The gist of it (from management theory) is individuals in organizations get ‘promoted to their own level of incompetence’. There apparently has come a time in Fideszian affairs where they have seemed to have succeeded. ‘Machines’ only run when they’re well-oiled by good mechanics who can prevent problems.

Problem now is those guys still think they’re workin’ on Ladas or Trabants. Time to get new blueprints and trained mechanics.

Guest

The law of promotion to the level of incompetence is the Peter Principle and supposed to be serious. Nevertheless it is by many erroniously thought to be a part of Parkinson’s law which is supposed to be a joke. In management theory it is often difficult to know what is serious and what is a joke.

Guest

A corollary to the Peter principle is known in German as the “Flaschenzug”:

An incompetent manager will usually also want incompetent subordinates/submanagers – because a competent one might steal his job …
Don’t know if there’s a name for this law – I heard it first in the Siemens company which used to have a large number of hierarchical levels …

Guest

Re: ‘Flaschenzug’

I like that! That and Herr Klopp’s ‘gegenpressing’ is another word I have added to my German vocabulary…;-)..

Ideally good leaders and managers of very important enterprises like the Magyar government should have subordinates ‘smarter’ than themselves in positions of power. That is if they are confident in themselves. An orientation like that is one of a few needed catalysts that which produces sharp enterprises.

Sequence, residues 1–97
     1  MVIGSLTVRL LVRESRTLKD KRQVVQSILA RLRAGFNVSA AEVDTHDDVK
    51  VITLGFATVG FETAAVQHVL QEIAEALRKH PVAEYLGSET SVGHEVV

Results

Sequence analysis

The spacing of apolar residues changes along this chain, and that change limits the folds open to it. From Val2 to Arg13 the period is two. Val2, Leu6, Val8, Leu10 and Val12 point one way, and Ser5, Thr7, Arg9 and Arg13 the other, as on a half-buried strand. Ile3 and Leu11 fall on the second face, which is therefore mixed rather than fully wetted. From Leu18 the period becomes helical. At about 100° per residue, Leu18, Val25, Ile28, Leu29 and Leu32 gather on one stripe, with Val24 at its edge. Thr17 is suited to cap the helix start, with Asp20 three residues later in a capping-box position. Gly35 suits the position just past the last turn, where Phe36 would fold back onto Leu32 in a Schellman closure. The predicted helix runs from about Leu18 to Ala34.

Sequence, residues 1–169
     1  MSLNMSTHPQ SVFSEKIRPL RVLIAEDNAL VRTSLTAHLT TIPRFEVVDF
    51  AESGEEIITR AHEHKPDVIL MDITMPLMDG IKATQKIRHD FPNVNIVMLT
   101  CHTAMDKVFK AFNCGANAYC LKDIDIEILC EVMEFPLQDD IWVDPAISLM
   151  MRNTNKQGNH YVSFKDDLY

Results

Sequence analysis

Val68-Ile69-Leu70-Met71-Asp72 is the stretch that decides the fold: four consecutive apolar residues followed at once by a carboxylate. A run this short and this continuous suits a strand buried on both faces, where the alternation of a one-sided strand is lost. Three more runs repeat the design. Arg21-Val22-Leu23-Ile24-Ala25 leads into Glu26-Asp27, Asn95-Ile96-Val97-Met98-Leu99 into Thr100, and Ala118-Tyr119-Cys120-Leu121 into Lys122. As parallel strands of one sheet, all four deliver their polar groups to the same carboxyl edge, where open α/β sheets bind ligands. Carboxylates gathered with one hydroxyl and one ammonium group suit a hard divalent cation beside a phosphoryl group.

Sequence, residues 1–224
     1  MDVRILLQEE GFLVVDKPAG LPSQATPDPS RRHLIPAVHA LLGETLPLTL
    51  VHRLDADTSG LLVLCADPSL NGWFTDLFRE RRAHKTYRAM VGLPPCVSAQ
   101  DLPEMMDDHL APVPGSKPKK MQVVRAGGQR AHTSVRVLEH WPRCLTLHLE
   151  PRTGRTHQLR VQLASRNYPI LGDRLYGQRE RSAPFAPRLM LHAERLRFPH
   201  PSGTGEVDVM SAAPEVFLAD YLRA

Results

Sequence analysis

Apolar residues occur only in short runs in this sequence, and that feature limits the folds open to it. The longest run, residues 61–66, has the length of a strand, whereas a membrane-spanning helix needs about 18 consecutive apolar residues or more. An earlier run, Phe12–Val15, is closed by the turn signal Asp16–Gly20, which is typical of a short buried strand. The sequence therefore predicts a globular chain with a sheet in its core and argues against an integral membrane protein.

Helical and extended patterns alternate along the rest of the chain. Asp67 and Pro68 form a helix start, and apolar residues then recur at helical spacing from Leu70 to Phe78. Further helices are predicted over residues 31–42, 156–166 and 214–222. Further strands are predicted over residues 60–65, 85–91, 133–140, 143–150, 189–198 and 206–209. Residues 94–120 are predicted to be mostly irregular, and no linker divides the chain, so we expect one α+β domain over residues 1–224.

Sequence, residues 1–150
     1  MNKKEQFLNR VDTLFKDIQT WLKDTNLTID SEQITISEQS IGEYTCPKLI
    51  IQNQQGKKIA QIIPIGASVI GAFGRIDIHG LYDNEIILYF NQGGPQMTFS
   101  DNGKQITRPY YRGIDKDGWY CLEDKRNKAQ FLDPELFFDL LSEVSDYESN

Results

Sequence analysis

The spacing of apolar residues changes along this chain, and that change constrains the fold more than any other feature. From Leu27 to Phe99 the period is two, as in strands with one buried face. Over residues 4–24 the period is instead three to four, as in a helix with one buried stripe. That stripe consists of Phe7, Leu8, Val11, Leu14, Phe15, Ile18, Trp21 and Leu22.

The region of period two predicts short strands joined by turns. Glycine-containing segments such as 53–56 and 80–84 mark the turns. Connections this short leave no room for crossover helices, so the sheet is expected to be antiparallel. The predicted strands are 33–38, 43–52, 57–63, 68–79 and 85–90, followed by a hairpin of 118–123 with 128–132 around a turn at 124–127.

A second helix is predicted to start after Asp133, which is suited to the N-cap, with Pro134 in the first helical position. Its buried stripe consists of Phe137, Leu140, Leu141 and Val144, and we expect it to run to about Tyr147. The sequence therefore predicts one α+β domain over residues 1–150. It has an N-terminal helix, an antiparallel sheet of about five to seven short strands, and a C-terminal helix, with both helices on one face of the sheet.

Hopefully the electorate in ’18 will be better in assessing the capabilities of their future leaders. The intervening years apparently have shown that giving ‘promotions’ faked them out at the back end. So when once ‘bitten’ it’s incumbent to be twice shy.

Istvan
Guest
Additional information on yesterday’s two hour warning strike by PDSU in schools. HírTV which is a mouth piece for Fidesz has a clip of the PDSU press conference that can be viewed at http://hirtv.hu/ahirtvhirei/az-erettsegi-idejen-is-folytathatjak-a-demonstraciot-1337861 Laszlo Mendrey discussed at the press conference the attempts of two Fidesz Mayors to prevent the two hour strike in their towns and a Bishop’s resolution that asked the teachers not to engage in a work stoppage. Mendrey’s presentation on the Teachers Trade Union strike to take place on April 20 was curious, effectively he spoke past it to further actions in May that could effectively disrupt graduation events in schools. A photo montage of Friday’s PDSU two hour strike can be seen here http://nepszava.hu/cikk/1091338-igy-sztrajkolnak-a-tanarok—fotogaleria another group of photos can be seen here http://nol.hu/galeria/A_sztrajk_szinei , the Tanitanek movement website has 42 additional photos that can be viewed at https://photos.google.com/share/AF1QipPv3P0BmXF2GxntBZCNvqOAbXIzTIx6b5K0FrR62b5Fe1nXkUnB_PnDCbzSQWfkmg?key=RzlEQjVWRUZqbGNMM0trVHlRNGVIXzBzeDdtZzZ3 The photos from inside schools really look as though they were taken prior to the arrival of students with PDSU members gathered together. What it particularly interesting about the photos of solidarity demonstrations in front of schools are the older ages of the demonstrators, particularly in front of Teleki Blanka Gimnáziumnál which is the epicenter of the… Read more »
Observer
Guest

@István
Hír TV USED TO BE Fidesz mouthpiece, not any more after the rift between orban and Simicska.

webber
Guest